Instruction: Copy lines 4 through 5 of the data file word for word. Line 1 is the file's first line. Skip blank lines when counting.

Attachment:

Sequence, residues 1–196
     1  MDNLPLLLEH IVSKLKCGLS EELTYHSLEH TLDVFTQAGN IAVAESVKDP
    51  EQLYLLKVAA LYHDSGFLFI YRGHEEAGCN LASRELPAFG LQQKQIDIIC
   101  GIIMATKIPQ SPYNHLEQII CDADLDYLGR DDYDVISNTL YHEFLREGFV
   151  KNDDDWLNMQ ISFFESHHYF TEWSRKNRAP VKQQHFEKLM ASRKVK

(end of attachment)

   101  GIIMATKIPQ SPYNHLEQII CDADLDYLGR DDYDVISNTL YHEFLREGFV
   151  KNDDDWLNMQ ISFFESHHYF TEWSRKNRAP VKQQHFEKLM ASRKVK